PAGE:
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The Lack of Parental Involvement with Pre-Kindergarten Students’ Education

The Lack of Parental Involvement with Pre-Kindergarten Students’ Education


Lack of parent involvement in their Pre-Kindergarten students’ education significantly affects their academic performance. The increasing achievement gap between students and their peers is majorly associated with the lack of parent involvement in their students’ education (Lampkin, 2022). Parental involvement in a child’s education is an effective strategy for propelling students’ academic success since parents are the first teachers of a student. Parents engaged in a student’s learning process help them connect between home and school, supporting a friendly learning environment to learn and acquire new academic knowledge. Parental involvement with pre-kindergarten students takes different forms, including parenting, effective communication, learning at home, decision-making, and community collaboration (McDowell et al., 2018). Parents clearly understand the type of education their children require, making parental involvement an obligation to all parents and caregivers to support students learning and academic development. Parents’ participation in their Pre-Kindergarten children’s education promotes effective partnership strategies between schools, families, and the community, steering students’ learning and development. Despite extensive research on parent involvement in education, little research has been done to evaluate the impact of parental involvement in pre-kindergarten. However, the narrow research shows a positive correlation between parental involvement and students’ academic achievements. This study aims to assess how parental involvement in pre-kindergarten education affects students ‘ development and learning, as well as the factors that limit parental involvement.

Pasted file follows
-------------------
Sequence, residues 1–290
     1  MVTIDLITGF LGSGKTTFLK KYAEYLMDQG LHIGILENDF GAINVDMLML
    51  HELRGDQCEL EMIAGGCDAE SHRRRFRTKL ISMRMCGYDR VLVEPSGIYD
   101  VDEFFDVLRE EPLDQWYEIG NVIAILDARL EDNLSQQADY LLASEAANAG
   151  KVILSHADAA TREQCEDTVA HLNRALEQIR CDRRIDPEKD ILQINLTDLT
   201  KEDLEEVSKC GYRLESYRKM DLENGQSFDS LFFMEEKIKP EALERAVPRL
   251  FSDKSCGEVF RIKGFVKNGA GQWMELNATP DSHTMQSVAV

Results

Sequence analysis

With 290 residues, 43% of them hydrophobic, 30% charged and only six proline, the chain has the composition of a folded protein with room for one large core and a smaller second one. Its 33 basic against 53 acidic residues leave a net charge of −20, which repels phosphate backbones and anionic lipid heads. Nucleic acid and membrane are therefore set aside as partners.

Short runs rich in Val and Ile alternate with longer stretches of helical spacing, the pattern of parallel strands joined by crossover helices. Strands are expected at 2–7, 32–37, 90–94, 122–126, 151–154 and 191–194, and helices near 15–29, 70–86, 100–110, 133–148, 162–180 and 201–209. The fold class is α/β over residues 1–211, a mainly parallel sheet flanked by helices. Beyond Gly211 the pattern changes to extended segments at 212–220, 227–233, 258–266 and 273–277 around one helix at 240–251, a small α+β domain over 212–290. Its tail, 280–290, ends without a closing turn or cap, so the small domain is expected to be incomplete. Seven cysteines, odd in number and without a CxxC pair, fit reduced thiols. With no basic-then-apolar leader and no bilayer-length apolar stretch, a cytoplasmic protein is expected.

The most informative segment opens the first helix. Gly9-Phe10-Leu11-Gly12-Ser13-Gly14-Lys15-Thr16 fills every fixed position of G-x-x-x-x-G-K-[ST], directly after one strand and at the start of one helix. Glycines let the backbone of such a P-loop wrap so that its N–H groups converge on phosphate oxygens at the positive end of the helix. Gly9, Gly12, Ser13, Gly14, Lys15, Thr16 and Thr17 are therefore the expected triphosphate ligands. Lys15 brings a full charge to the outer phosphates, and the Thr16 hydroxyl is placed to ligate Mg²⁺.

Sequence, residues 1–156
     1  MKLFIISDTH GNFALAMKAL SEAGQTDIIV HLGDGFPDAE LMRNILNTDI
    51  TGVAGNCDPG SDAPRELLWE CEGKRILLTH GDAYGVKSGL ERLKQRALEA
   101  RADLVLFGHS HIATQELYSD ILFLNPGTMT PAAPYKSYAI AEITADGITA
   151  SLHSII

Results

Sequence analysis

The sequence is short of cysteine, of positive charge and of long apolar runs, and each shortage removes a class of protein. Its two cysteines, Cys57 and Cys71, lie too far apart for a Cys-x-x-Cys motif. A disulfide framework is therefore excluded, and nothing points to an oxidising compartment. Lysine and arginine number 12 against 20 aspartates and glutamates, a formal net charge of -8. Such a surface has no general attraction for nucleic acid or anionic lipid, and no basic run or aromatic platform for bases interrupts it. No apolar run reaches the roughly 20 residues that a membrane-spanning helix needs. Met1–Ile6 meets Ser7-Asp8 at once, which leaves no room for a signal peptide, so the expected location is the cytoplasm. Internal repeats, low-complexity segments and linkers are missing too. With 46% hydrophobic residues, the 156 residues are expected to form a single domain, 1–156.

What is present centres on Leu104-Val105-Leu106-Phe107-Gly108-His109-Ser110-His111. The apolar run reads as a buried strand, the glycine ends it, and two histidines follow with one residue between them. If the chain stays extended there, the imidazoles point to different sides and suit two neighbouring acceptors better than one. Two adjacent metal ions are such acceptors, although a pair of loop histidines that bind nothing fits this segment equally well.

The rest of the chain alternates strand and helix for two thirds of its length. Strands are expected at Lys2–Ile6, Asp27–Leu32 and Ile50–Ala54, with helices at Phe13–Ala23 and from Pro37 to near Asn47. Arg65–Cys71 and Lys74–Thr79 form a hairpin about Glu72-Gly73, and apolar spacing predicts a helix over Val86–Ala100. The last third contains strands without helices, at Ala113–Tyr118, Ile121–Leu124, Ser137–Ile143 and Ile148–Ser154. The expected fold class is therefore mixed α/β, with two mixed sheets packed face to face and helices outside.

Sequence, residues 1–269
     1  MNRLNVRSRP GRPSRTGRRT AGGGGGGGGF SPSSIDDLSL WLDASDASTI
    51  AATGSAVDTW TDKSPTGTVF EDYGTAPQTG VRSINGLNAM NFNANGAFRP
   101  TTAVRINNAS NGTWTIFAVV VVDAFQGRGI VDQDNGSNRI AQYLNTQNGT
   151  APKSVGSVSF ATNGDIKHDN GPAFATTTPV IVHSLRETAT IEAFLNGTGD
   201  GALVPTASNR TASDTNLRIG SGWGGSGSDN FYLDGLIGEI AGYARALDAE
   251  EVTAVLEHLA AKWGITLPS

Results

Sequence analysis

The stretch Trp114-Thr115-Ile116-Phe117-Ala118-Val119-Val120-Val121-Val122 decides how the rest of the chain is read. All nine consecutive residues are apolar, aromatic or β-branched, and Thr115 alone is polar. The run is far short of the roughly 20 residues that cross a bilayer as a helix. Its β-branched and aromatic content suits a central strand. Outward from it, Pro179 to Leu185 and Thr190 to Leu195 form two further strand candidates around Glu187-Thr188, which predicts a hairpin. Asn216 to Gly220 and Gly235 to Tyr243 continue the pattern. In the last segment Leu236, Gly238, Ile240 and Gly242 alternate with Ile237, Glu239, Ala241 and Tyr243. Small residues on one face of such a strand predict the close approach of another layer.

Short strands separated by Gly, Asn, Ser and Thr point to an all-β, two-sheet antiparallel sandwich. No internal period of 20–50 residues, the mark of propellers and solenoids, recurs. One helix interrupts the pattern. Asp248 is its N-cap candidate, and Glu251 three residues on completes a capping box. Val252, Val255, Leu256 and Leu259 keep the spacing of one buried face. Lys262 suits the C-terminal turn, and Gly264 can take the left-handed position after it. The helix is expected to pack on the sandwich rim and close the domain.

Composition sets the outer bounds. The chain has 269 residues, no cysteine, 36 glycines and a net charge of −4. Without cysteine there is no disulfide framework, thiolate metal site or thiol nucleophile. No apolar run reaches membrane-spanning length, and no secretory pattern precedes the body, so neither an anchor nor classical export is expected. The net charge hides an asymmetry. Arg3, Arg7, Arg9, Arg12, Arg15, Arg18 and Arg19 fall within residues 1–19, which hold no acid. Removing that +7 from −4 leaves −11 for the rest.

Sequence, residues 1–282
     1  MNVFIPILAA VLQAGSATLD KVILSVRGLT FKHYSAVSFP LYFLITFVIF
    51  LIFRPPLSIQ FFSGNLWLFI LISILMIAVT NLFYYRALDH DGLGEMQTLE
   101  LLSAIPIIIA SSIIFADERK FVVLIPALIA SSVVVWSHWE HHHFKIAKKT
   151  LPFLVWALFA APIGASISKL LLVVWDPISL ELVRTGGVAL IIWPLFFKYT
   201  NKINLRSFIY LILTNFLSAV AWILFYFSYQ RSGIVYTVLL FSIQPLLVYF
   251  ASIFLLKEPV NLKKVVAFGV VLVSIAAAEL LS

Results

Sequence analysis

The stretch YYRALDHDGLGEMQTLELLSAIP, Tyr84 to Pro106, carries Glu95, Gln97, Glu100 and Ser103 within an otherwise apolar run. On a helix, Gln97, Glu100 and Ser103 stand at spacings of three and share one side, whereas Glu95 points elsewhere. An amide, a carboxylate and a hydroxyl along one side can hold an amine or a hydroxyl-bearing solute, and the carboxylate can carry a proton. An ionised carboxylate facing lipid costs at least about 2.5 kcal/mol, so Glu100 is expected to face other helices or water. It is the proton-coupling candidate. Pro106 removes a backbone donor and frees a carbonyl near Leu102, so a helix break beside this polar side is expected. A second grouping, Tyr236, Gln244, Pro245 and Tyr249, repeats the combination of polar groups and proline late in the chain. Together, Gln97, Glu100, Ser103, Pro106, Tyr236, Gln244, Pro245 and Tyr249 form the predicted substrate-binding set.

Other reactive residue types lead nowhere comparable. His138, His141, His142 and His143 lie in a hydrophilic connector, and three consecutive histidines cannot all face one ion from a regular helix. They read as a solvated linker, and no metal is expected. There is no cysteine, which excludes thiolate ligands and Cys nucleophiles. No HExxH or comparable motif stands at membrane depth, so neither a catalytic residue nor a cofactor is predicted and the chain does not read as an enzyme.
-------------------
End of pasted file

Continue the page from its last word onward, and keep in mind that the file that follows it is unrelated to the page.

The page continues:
Problem Statement